With the stagnant economy undercutting the state budget, and putting further pressure on the already-limited funding available for public education, classrooms are starting to feel the crunch. To try to bridge the widening gap between available funds and the cost of supplies, one high school teacher in California has been selling advertising space on tests and quizzes. The editorial board of The Miami Student supports this teacher’s creative solution, but with a few stipulations.
In the face of budget cuts, schools have had to find ways to make due with less. But by selling ad space, this teacher, Tom Farber, has enabled his class to function as it has in the past. Teachers aren’t paid a high salary anyway and often pay for supplies out of their own pocket. But it is impractical for teachers to cover the difference between what the department can afford and what the class needs when that amount often runs in the hundreds of dollars. Unable to cover the cost of paper with the funds allotted by the school budget, Farber would have had to give fewer or shorter tests. Instead of risking under-preparing his students, he took the initiative and offered a solution. To pay for printing the tests, he started selling ad space in them.We appreciate that rather than complain about having to make cuts he made an effort to fix the problem.
Farber has said he intends this to be a temporary measure. We agree that this solution can only work in the short term. It should not replace government funding. In fact, an increase in government funding in better economic times would eliminate the need for teachers to create such solutions.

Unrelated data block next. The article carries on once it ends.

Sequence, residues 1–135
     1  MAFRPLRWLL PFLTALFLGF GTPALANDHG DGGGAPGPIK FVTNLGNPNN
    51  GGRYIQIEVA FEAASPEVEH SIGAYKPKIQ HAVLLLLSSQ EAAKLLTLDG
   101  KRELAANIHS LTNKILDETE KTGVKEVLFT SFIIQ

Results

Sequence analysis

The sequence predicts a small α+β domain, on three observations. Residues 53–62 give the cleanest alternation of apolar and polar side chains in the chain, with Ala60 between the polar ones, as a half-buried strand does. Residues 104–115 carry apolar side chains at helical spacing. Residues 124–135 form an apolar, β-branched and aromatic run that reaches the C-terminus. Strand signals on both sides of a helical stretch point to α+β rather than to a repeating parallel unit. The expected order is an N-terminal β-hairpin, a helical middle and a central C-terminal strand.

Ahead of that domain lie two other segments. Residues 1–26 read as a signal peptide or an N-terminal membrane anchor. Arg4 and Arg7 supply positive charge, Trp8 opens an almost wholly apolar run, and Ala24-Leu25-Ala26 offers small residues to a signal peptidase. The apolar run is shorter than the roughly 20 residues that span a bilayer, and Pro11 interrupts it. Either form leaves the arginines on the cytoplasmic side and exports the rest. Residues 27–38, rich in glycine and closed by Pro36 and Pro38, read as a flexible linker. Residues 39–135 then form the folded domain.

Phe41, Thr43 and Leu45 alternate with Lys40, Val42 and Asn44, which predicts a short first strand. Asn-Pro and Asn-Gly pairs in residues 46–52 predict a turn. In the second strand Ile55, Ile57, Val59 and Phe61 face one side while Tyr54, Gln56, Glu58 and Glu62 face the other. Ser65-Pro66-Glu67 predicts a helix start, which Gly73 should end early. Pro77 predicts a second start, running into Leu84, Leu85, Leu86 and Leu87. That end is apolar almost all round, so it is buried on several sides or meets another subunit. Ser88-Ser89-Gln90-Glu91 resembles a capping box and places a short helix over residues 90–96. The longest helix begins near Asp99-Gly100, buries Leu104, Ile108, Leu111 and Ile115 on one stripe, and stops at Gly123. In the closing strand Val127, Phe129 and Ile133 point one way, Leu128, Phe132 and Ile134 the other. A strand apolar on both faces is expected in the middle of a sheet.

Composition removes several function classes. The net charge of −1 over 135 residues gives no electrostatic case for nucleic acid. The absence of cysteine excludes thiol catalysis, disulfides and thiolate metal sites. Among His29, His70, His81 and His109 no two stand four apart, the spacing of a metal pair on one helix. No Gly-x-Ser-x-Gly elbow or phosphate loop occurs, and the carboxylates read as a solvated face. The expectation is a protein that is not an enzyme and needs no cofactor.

Also thus far, the ads have appeared only on the first page of quizzes and tests. We believe this is appropriate and that in the future, ads should be kept to a minimum and restricted to words, not pictures, which could serve as a distraction to the students.
We appreciate that Farber has only sold ads to locally-owned businesses and parents and has not let advertising on his exams become overly commercialized. This has the added benefit of getting parents involved in the school system and their children’s education as well.
With the failure of many school levies in southwestern Ohio, the shortages in school funds will only become worse. Creative solutions like Farber’s can help and we encourage teachers to be proactive in the process. However, advertising on tests is meant to be only a stopgap measure where a permanent solution is still necessary. A more comprehensive approach must be taken to address a problem that is likely to continue to grow in the foreseeable future.